The pressure is on for businesses to foster innovation. Google does this by allowing their engineers 20% of their work time for exploring new ideas. But one of Google's most popular companies, YouTube, found they had a hard time getting their engineers to actually take their 20% innovation time. So bi-annually, YouTube has a week dedicated solely to innovation. Engineers are given free range for one week to test out their new ideas on 1% of users (Are you a guinea pig? If you aren't seeing any advertisements while on YouTube, you are). One outcome that came out of innovation week was correcting a video's aspect ratio by adding black bars to the side. Another was the audio comment preview, which earned that engineer 'The Awesome Cup', a giant award cup that resides on the desk of the engineer who has the latest awesome discovery.
It's a good thing that YouTube is trying to set aside time for innovation, but trying to jam in creativity during one week's time seems a little jarring; it's missing a fundamental truth of innovation. It takes time for an innovative idea to come to fruition. Steven Johnson argues in his book, Where Good Ideas Come From, that innovative ideas start out as slow hunches that need time to incubate. Is a week enough time for a hunch to grow into a really good idea? Also, are these engineers working by themselves to come up and test good ideas? Johnson suggests that the best work spaces are those where workers from different departments communicate with each other so that they can be sparked with new ideas. Johnson's preference would be having a coffee shop-like atmosphere where people can engage in conversation, exposing them to a chaotic environment where hunches can collide and become ideas. One company known for innovation, Apple, seems to be following some of these ideas by taking their time with presenting new products and having designers and engineers work together to create an amazing product.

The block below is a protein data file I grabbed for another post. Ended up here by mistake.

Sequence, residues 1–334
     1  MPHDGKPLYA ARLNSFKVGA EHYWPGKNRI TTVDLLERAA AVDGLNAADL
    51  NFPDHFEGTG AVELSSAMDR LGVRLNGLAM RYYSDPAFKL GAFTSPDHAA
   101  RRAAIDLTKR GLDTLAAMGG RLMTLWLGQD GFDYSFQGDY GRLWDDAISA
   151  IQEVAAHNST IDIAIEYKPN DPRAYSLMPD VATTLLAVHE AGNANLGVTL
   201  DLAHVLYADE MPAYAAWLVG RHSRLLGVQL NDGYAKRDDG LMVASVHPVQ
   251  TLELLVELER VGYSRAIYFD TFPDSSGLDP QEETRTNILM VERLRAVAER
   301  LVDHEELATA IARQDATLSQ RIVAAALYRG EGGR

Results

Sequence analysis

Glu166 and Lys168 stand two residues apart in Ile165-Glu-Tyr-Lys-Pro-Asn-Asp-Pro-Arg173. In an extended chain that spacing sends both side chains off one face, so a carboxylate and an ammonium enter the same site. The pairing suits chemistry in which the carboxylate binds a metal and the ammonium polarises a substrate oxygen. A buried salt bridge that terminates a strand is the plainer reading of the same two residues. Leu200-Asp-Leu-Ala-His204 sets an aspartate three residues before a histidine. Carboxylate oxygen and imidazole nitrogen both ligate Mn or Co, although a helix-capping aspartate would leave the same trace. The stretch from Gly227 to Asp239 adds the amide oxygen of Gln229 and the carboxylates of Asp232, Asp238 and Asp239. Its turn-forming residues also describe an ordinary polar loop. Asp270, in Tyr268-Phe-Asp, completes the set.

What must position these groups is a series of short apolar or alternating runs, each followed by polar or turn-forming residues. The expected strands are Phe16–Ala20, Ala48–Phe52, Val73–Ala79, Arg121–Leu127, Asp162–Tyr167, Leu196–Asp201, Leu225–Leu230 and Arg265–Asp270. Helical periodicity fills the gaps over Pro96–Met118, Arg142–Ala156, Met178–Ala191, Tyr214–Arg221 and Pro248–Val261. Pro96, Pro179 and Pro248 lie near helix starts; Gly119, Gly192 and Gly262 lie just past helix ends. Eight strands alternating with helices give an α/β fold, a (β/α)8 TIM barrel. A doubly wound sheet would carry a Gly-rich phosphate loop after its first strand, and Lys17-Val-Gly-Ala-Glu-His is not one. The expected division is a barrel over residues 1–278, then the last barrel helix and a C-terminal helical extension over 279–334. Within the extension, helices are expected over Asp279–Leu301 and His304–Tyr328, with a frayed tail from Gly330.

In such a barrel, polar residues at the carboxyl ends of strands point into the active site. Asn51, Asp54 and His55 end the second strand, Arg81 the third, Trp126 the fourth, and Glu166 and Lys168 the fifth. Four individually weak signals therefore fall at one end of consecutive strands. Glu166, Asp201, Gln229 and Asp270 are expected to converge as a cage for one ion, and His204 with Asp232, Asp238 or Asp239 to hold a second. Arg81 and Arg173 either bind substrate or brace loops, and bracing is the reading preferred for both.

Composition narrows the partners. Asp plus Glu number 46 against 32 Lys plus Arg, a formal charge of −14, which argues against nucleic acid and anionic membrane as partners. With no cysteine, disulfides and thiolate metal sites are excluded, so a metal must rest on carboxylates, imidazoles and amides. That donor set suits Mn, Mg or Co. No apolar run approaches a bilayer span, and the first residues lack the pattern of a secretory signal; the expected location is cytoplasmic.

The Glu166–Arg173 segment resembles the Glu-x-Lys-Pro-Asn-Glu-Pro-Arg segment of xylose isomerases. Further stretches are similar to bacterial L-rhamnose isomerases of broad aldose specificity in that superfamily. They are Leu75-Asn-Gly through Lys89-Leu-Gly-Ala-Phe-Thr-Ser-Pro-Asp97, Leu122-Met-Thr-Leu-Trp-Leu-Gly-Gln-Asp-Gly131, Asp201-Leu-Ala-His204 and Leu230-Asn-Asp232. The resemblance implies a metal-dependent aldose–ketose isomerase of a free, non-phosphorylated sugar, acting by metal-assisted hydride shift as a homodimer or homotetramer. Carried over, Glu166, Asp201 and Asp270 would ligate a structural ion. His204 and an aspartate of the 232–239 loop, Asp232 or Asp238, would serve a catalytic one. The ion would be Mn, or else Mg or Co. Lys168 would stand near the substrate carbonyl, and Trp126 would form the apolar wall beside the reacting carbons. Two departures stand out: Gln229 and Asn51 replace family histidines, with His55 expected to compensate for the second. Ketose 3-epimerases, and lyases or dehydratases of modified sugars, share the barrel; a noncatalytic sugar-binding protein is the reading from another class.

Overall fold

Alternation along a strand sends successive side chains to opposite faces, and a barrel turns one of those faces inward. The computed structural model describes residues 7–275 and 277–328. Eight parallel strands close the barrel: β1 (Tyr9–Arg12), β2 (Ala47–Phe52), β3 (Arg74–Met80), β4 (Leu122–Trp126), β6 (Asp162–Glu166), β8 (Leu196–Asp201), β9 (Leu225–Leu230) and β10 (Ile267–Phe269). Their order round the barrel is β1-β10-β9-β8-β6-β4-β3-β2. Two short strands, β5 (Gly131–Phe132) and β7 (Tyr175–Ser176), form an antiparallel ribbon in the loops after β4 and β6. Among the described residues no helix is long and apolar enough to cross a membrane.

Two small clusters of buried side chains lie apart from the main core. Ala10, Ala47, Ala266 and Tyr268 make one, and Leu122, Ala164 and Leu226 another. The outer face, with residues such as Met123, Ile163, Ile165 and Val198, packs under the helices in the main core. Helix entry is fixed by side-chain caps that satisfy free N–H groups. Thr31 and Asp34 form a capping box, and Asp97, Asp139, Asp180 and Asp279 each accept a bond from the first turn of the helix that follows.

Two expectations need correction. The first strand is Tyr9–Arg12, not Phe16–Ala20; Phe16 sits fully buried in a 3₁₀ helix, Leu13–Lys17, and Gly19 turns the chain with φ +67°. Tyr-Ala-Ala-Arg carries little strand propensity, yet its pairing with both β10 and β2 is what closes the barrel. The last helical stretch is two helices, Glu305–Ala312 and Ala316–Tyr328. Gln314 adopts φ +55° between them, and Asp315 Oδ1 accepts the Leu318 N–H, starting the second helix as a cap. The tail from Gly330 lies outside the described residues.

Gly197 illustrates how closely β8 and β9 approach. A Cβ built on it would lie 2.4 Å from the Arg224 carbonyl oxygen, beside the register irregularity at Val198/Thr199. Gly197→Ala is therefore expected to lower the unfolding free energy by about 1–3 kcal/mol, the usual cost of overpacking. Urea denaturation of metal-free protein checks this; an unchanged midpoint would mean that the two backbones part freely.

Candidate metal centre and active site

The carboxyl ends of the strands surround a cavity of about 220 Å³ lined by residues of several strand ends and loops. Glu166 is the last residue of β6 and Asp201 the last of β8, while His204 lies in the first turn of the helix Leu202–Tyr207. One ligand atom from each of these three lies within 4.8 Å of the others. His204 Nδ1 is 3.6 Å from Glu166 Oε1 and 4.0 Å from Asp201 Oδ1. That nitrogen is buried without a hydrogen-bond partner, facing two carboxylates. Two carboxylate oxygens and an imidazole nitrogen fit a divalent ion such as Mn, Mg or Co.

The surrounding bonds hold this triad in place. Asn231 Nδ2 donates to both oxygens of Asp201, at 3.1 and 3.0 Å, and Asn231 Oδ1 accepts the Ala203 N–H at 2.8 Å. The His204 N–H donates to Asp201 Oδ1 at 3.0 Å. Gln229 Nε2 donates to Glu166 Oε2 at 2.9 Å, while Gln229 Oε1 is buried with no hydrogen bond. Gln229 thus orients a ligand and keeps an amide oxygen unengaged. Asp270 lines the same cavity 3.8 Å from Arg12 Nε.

So is it better to work on an idea once a week or have one solid week to really work on your ideas? Is working alone pointless when it comes to innovation? Must we engage with others in order for ideas to combine with other ideas? How do your amazing ideas form?
CURT FINCH has more than two decades of software development and distributed workforce management experience. In 1997, Curt created the world's first internet-based timesheet application and the foundation for the current Journyx product offering. Curt has a B.S. in Computer Science from Virginia Tech. His book, All Your Money, is available on Amazon. @curtfinch